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11 Nov 2005 00:00
Black women in South Africa are no strangers to photography. In years gone by, however, they have typically found themselves in front of the lens—often portrayed as “‘mother of the nation’, ‘black sex object’ or ‘poor, black victim without agency’,” in the words of gender activist Janine Moolman.
Now this situation is changing.
Photographers such as Neo Ntsoma—the first woman to win the Mohamed Amin award—make up a growing list of black women who are finding success behind the camera.
Named after a Kenya-based photographer and cameraman who died in the 1996 hijacking of an Ethiopian airliner, this award is given during the Cable News Network’s (CNN) annual competition honouring the best of African journalism.
Ntsoma won the prize last year for a series of images entitled Their World in Flames, which documented the plight of families from a squatter settlement in the commercial centre of Johannesburg when their homes were destroyed by fire.
She was also one of just four photographers chosen to exhibit their work in Los Angeles and Washington DC earlier this year during the All Roads Photography Programme, an initiative supported by the National Geographic Society. The programme aims to give a platform to photographers who show how their communities are being transformed by change.
Photography was not Ntsoma’s first choice of profession. Dancing beckoned, but she decided against it on the advice of her secondary school principal, who viewed this as “a profession for losers”.
A career in television seemed the next best option, but finding the training opportunities in this field limited, Ntsoma went on to study photography.
At the time, South Africa was still in the throes of apartheid, and she was the only black person in her class. Perhaps a bigger challenge, however, came in the form of a letter from one of her lecturers, suggesting that she didn’t have what it took to become a photographer—and that she should quit the course.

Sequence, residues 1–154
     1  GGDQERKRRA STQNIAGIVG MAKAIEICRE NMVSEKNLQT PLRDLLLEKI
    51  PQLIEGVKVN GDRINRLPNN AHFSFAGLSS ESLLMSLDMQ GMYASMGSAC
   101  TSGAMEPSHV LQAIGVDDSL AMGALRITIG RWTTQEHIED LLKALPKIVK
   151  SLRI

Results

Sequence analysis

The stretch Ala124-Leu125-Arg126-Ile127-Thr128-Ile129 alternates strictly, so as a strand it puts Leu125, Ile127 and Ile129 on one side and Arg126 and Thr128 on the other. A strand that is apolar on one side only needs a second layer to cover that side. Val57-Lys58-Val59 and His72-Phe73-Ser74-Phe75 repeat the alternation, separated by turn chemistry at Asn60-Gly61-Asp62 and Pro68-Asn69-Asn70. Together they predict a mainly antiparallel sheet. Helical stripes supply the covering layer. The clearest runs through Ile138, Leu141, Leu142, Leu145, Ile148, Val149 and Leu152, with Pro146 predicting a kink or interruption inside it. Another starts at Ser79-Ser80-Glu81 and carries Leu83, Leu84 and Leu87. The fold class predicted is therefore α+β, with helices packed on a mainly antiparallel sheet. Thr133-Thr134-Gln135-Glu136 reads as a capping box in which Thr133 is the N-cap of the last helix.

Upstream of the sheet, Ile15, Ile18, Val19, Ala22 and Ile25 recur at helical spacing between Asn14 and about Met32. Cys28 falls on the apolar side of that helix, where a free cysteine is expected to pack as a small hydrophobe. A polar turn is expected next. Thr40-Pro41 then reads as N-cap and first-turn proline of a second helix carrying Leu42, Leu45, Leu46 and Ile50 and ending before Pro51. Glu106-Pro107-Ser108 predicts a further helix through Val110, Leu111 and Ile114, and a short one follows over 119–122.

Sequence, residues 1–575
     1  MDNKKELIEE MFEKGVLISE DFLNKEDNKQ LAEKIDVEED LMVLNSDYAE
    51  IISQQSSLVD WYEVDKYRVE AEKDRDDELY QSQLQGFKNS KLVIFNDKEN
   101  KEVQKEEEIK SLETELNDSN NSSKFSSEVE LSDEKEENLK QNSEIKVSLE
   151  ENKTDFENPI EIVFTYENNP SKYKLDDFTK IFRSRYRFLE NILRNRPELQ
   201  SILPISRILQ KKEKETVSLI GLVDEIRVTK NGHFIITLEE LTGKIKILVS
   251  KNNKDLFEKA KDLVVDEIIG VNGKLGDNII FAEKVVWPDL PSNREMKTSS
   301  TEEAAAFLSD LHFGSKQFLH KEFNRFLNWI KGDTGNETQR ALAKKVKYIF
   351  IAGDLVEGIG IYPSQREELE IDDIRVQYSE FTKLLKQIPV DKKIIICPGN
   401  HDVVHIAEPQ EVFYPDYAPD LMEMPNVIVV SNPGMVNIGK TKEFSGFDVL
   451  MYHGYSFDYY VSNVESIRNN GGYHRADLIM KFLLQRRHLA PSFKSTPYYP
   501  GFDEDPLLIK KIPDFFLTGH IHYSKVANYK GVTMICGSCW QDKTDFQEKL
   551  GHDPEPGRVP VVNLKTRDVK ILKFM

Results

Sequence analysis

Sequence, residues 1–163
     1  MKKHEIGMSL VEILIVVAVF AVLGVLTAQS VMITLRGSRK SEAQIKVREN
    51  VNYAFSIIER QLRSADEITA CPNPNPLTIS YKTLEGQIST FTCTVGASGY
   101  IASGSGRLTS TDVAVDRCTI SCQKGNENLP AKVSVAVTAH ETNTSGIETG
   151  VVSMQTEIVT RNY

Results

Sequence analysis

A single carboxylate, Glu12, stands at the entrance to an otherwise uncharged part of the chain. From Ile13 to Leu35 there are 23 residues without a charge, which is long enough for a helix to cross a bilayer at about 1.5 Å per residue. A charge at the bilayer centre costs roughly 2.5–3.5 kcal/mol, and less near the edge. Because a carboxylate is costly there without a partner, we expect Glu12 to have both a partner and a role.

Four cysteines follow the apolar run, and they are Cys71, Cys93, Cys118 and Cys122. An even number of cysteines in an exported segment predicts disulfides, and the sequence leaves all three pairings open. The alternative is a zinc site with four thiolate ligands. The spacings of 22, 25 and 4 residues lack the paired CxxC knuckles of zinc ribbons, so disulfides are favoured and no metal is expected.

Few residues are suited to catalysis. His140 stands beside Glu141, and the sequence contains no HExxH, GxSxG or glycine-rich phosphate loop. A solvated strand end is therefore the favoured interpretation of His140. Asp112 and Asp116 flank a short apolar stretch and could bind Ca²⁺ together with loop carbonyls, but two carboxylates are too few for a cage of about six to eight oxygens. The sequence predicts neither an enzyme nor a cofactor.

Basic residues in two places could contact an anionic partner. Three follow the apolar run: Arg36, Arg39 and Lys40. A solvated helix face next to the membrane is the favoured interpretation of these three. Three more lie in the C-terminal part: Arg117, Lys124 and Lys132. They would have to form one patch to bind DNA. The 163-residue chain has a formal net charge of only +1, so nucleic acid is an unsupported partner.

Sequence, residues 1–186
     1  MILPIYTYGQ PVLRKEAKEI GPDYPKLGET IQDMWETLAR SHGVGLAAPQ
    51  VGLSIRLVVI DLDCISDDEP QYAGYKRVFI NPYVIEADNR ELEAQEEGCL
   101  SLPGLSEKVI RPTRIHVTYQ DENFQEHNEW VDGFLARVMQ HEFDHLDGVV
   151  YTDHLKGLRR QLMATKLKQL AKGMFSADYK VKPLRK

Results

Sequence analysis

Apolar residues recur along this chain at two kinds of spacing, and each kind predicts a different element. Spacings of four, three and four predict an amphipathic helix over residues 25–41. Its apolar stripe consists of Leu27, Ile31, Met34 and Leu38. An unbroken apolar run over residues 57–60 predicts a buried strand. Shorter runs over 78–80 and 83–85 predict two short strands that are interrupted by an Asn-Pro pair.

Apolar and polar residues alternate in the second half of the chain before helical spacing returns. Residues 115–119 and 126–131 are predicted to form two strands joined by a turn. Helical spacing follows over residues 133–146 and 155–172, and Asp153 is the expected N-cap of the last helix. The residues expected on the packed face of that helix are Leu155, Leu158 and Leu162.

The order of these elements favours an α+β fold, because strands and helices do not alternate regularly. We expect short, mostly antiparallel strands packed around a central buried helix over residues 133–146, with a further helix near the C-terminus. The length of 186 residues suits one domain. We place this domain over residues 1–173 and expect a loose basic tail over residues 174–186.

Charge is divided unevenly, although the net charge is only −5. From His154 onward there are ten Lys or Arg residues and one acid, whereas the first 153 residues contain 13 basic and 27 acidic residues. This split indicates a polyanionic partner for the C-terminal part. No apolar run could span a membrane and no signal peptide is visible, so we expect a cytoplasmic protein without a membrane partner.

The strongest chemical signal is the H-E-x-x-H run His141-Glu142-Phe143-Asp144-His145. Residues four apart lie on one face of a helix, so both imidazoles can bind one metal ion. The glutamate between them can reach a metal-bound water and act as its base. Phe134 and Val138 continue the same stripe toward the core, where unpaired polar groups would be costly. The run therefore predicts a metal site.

“That was the biggest blow of my life and I’ll never forget it,” she says. “But it taught me the true meaning of perseverance and determination.”
Ironically, these qualities stood her in good stead after she won the CNN award.
“My CNN award raised eyebrows and was questioned by many who still think that it was my being a black female that enabled me to win,” she says.
Ntsoma, a senior photographer for a Johannesburg daily, has found inspiration in the life and work of American photographer Dorothea Lange, saying she had the ability to “capture the souls” of the people she photographed.
Lange is best remembered for her poignant depictions of poor migrant workers who, in search of a better life, travelled in large numbers to California during the Great Depression of the late 1920s and 1930s. Her 1936 shot of a woman with three children entitled Migrant Mother has become an iconic image in the United States, and beyond.
Ntsoma’s own photographs stand out for the odd angles from which they are taken, as well as the interplay between what is in focus—and what not. “I used to shoot to make [people] believe in me,” she says. “Now I shoot images to make people believe in the subject of my photographs.”
She has also become an enthusiastic mentor for young photojournalists.
Ruth Motau, one of the first black female photographers to make a mark in South Africa, now heads the photo section of a major daily newspaper.
But, not all are in photo journalism. Zanele Muholi, for instance, describes herself as an “activist photographer”—pushing the boundaries of social tolerance by tackling issues related to sexuality.
Her 2004 exhibition on lesbianism captured private moments unimaginable within the strictures of African culture. It included a photograph of a lesbian strapping her breasts, another of a woman positioning a dildo, and a shot of two women kissing.
Another photographer, Nontsikelelo “Lolo” Veleko, produces work that reflects a fascination with Eastern notions of beauty, and 1970s fashion trends. Now represented by a prestigious art venue in Johannesburg, the Goodman Gallery, her most recent exhibition included a portrait of a young woman whose distinctively African features were accentuated by dark mascara, and bright pink lipstick.
“I was questioning ideas of beauty and why make-up is used,” Veleko explains.
Melissa Mboweni, a curator at the Goodman Gallery, sees Veleko as forming part of a new wave of South African photographers who are drawn to portraying the changing identity of the youth, rather than poverty, HIV/Aids and political scandal.
Art critic Sean O’Toole cautions against viewing black female photographers as a homogenous whole: “While there is a lot that connects their work, I don’t think race and gender is the only way of categorising it.”
Of importance, however, is the representation of black women “by ourselves, as opposed to being the subject of research, discussion or imagery as interpreted by others”, says Moolman. - Sapa-IPS
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